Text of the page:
How to concatenate binary in C

Discussion in 'Programmer's Corner' started by Dave_, May 15, 2007.

  1. Dave_

    Thread Starter Member

    Mar 22, 2007
    28
    0
    Hi all

    My wish is to concatenate two binary numbers into one variable size vector, such as below:

    A = 1111
    B = 0000

    C = A & B

    C now equals 11110000

    I found some solutions for C++, but none for C. Is it even possible?

    Thanks

    Dave
     
  2. recca02

    Senior Member

    Apr 2, 2007
    1,211
    0
    well i dont know much abt c,
    is concatenating strings different than concatenating binary numbers,
    otherwise i think even a noob like me can do it myself.
     
  3. Dave_

    Thread Starter Member

    Mar 22, 2007
    28
    0
    I was hoping there was a simple command to do it like '&' as used in VHDL. Perhaps I will have to do it the string way.
     
  4. Papabravo

    Expert

    Feb 24, 2006
    10,148
    1,791
    If you know the length of the strings you can combine them with shifting and boolean operations.
    Code ( (Unknown Language)):
    1.  
    2. C = (A<<4) | B ;
    3.  
    With strings you need to use library functions. There are no string concatenation operators in C. Literal strings can be concatenated explicitly as initializers or printf arguments.
     
  5. Dave_

    Thread Starter Member

    Mar 22, 2007
    28
    0
    Oh damn. Ok, cheers for that Papabravo.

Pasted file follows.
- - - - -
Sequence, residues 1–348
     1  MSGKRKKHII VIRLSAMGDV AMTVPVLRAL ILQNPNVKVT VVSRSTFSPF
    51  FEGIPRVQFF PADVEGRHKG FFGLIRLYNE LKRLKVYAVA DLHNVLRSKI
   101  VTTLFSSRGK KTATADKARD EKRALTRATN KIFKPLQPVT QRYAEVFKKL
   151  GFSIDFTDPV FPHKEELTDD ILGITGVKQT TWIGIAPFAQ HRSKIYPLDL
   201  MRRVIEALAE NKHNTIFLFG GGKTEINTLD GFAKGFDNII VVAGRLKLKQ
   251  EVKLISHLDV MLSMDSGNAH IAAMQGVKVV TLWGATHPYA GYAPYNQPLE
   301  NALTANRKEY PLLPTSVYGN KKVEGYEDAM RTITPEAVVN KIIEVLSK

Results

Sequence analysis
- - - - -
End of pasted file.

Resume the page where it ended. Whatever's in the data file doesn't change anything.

6. ArakelTheDragon

    New Member

    Nov 18, 2016
    14
    0
    Thank you for this information, but I need a little clarification because I do not understand exactly how this operator works.

    If we have 0b00000001 and 0b00000001 we need to take the last four digits and make 0b00010001 or we can have 0b0001 and 0b0001 and we have to make 0b00010001. I am a little bit on the dark with the binary logic combinations. I know how to do the summing of two variables and other things but I do not know how to take the last 4 digits and make them in to 1 variable.
     
  7. ArakelTheDragon

    New Member

    Nov 18, 2016
    14
    0
    Maybe this:
    FinalFormOfThePORTCOutput = (BinaryFormOfSecondDigit >> 4) & BinaryFormOfFirstDigit;

    The result should be:
    FinalFormOfThePORTCOutput = (0b00000001 >> 4) & 0b00000001;

    We shift the second digit with four bits and mask with the first digit.

    Meaning we get 0b00010001?
     
  8. Papabravo

    Expert

    Feb 24, 2006
    10,148
    1,791
    The shifting operators >> and << just shift. The do not rotate bits in a circular fashion like some assembly language instructions. The result of 1 >>4 is zero in the same way that for a byte operation 0x80 <<4 would be 0.
     
  9. ArakelTheDragon

    New Member

    Nov 18, 2016
    14
    0
    So from this 0b00000001 >>4
    I get this: 0b00010000 ?

    It is difficult to test it with the compiler with no display and I do not want to connect a virtual teminal just to check.
     
  10. Papabravo

    Expert

    Feb 24, 2006
    10,148
    1,791
    No No No. Shifting is NOT the same as rotating! Bits shifted right past the least significant bit just disappear. Similarly bits shifted left past the most significant bit also disappear, by falling into the bit-bucket.

    You can tell what the compiler is doing by getting an assembly language listing or object file disassembly.

    In fact an optimizing compiler wouldn't even bother doing the shift operation. It would just use the literal constant zero.
     
  11. ArakelTheDragon

    New Member

    Nov 18, 2016
    14
    0
    Thats bad, now I understand.
    So we get this:

    0b00000001 >>4

    result: 0b0001 ?

    If I am right, despite that I am sleeping at the moment since I came back from a hard shift at work.

    Is there anyway to combine 0b00010000 and 0b00000001 and get 0b00010001?
    Or combine 0b0001 and 0b0001 and get 0b00010001?
     
  12. Papabravo